The BSH accounts can be viewed at the following link.
Before I go any further, as always I must remind people that I am not an accountant and that this blog does not constitute anything like investment advice.
Blues Losing Money
The big thing I took from these accounts is that it’s clear that Blues are still losing a lot of money.
While the club accounts for the year ending June 2022 aren’t due out for another month as per Companies House, there is enough information in these unaudited accounts to get an idea of how much money Blues are losing.
The basis of this agreement was that if Blues made a loss in the Championship, then ORI had to pay the money BSH lost back to them.
On the first page of the accounts, we can see that BSH received HK$83.382M in compensation.
We know from that profit / loss agreement that the compensation makes up 75% of the total loss made by the club.
Therefore, using simple mathematics we can multiply the compensation figure by 1.33 to find the original loss amount.
This sum gives us HK$111.176M – which at the current exchange rate is around £11.772M.
That means in just six months, Blues lost £11,772,000 – about £450k per week.
To me, this just shows what a precarious position Blues are still in. Although the wage bill did drop a bit this year, the club is still losing money hand over fist.
Compare this to the revenues shown from the football segment on page nine – HK$93.953M or £9.951M – and it appears apparent that the club is absolutely not self-sufficient.
The Listing Stranglehold.
As I’ve discussed before, one of the biggest things that binds Birmingham Sports Holdings and Blues together is how much of BSH’s business Blues makes up.
The entire BSH group of companies made only HK$108.946M in revenues between July and December last year.
This means that Blues still account for 86.24% of BSH’s revenues, continuing to make it impossible for BSH to sell Blues in one go and retain the HKSE main board listing.
However, I don’t think it’s just this that binds the two together.
In the six months to December 2022, BSH lost HK$56.168M.
This figure is marginally higher than it was for the corresponding period in 2021, but it’s not horrific in comparison to previous years.
That loss figure would have been more than doubled had BSH not been able to put that they had received HK$83.382M in compensation from ORI.
While I am ignorant in how corporate finance works, I am intrigued as to how ORI “compensates” BSH these losses.
On page six of these accounts, there is a section talking of the borrowings that BSH has taken out.
Among other loan facilities, BSH have a HK$300M revolving loan facility with ORI. I imagine that this like a credit card account in that the money is there if needed to be used, rather than a lump sum like a loan.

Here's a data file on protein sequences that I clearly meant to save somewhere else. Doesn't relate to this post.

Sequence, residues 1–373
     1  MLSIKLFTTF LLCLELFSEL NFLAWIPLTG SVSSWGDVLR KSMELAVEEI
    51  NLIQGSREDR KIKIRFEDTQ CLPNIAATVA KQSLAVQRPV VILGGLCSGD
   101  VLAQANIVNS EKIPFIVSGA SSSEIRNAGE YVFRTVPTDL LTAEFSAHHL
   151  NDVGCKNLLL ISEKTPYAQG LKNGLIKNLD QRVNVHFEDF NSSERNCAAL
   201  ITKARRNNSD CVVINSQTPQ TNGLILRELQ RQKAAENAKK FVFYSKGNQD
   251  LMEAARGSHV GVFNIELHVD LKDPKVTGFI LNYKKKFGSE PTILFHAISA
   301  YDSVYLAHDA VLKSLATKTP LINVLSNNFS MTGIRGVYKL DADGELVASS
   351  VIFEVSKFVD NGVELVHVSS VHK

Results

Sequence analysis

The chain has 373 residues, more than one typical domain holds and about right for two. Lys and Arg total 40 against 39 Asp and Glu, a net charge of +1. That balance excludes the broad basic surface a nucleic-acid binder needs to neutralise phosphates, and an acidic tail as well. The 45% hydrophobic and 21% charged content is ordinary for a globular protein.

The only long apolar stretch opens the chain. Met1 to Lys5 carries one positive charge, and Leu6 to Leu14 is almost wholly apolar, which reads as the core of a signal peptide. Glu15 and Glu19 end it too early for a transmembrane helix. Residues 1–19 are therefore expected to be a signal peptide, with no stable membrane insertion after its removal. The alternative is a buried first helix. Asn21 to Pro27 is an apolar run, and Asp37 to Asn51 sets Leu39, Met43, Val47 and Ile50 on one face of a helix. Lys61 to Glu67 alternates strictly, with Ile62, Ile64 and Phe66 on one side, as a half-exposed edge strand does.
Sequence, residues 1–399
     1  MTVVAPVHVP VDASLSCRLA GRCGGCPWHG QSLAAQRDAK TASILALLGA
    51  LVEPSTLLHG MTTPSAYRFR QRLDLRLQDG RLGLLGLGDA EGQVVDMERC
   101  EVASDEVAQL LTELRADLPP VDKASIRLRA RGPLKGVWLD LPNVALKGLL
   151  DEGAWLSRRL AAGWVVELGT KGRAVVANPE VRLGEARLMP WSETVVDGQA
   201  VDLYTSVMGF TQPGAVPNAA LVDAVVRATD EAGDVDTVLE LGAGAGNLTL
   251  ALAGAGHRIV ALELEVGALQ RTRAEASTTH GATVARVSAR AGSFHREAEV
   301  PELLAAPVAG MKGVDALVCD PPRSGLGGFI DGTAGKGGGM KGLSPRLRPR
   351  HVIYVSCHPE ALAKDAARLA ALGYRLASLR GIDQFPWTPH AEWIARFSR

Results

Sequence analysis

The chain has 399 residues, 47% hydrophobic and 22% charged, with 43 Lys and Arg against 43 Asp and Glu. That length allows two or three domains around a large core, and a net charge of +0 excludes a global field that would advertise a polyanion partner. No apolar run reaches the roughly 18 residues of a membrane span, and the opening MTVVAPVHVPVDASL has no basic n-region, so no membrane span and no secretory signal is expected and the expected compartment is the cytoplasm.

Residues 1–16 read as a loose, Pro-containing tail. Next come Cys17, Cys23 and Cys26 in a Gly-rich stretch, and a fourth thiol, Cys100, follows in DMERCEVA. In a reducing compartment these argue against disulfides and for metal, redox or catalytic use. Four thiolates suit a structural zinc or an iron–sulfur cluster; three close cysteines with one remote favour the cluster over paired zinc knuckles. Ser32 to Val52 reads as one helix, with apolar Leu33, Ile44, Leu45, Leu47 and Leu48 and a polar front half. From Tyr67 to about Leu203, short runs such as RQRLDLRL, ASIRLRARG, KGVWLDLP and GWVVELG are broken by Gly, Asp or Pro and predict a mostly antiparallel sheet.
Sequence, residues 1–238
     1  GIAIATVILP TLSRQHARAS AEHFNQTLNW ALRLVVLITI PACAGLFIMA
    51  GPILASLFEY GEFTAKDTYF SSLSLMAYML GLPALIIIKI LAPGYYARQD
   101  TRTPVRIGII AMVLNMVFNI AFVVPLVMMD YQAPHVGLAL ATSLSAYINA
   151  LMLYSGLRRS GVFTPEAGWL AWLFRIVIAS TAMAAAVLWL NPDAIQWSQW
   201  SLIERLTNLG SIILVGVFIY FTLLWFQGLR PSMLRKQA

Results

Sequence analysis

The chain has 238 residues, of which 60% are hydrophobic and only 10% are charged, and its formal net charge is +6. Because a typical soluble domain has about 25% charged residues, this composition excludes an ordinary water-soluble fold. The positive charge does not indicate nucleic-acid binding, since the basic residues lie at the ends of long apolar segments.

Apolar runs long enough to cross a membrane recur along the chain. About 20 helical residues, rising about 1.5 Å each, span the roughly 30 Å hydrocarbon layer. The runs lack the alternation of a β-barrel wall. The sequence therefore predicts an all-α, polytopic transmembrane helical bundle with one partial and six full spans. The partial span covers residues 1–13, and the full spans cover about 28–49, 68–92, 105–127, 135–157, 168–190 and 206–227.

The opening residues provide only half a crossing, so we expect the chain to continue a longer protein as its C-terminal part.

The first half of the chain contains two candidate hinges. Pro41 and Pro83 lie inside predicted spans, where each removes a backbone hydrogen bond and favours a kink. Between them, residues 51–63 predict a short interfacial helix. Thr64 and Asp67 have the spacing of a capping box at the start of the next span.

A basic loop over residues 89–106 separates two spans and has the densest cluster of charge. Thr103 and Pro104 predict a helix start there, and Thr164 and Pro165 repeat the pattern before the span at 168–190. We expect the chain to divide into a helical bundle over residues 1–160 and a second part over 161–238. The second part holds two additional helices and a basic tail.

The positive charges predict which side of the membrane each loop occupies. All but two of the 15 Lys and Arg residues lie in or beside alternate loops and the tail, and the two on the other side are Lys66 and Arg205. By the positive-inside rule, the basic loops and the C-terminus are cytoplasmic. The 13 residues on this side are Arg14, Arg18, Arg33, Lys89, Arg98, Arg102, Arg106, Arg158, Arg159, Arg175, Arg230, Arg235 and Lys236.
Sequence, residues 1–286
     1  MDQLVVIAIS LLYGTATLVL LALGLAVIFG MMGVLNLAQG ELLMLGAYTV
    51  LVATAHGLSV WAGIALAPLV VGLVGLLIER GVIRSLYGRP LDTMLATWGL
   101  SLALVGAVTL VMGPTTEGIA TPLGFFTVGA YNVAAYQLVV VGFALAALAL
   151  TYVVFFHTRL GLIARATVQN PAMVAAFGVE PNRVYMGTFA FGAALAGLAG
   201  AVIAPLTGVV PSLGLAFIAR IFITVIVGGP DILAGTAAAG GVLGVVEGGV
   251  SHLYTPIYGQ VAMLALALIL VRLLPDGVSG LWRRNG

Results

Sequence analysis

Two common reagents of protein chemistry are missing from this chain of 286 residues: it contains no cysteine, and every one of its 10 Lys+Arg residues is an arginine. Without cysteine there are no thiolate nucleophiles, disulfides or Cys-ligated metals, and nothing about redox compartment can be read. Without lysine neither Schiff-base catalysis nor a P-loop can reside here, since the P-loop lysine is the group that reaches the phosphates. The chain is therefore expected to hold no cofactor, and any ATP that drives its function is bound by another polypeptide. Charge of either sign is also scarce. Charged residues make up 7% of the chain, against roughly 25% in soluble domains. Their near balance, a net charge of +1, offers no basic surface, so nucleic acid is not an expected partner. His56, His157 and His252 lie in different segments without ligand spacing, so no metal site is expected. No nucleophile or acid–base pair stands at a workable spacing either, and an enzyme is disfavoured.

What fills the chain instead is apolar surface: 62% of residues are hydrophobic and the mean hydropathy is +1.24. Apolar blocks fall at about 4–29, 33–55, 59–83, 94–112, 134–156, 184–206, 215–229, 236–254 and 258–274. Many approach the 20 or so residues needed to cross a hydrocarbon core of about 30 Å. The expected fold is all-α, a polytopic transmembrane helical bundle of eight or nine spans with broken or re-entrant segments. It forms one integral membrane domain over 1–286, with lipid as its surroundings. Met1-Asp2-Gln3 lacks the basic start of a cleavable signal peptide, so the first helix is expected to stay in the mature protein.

My suspicion is that to pay chunks of this money owed to this loan facility off, BSH tells ORI that they will take the money owed in “compensation” from their loan balance.
For example, if BSH owed HK$100M and they were due to receiveHK$83.382M in compensation, then they’d tell ORI “Okay, the balance is now HK$16.618M and we’ll call the compensation quits”.
This would then allow BSH to borrow more money from ORI.
That little transaction would then make it easy to keep money coming in without worrying about having to pay it back.
That profit / loss agreement is due to come to an end at the end of this season, which could be a reason why ORI and BSH are now contemplating a sale of the club.
The EFL Charges
The accounts also mentions the EFL charges into alleged breaches of Regulations concerning the aborted Maxco takeover bid.
As confirmed in the previous voluntary announcement made by the listed company, BSH confirm once again that:
None of the Company and the Directors are charged by the EFL. The Company will keep the Shareholders and potential investors informed of any further material developments in connection with the above matters by way of further announcements in accordance with the Listing Rules as and when appropriate.
While no names have been announced with respect to individual charges, I’ve now heard from two separate sources that one of the people charged is Vong Pech.
Pech is of course not only owner of Oriental Rainbow Investments, but also a major shareholder in BSH and by virtue of these two shareholdings has the largest official financial interest in the club.
I’ve done my best to reach out to Pech for a comment on this, but as of yet I’ve heard nothing.
I’ve also heard some rumour from Hong Kong that despite the voluntary announcement made by BSH, the HKSE have taken an interest in the proceedings and that they may push BSH into making further voluntary announcements to keep shareholders and investors advised.
If there is anything to take from these accounts, then I think the most important thing is to appreciate the delicate situation both Blues and BSH are in.
Despite having cut things back, Blues are clearly still in a financial mire. The end of some hefty contracts at the end of this season will help, but it’s obvious the club needs to keep the wage budget low and bring in some extra regular income if it is to be self-sufficient.
Likewise, I think there is pressure building on BSH.
When I made complaints to the stock exchange last year regarding the lack of information about the Maxco takeover bid BSH was providing to shareholders, BSH managed to brush off the exchange.
However now with a regulatory body having made an investigation and bringing official charges against the club, the landscape has changed. I think BSH will have to be a bit more forthcoming in providing information with regards to the control of their major asset.
I can only imagine how that pressure will ratchet up if and when the club are charged in connection with the Wang Yaohui investigation.
It won’t be pleasant, but that pressure will, in my opinion, open an opportunity for a brave investor to create a buyer-friendly deal.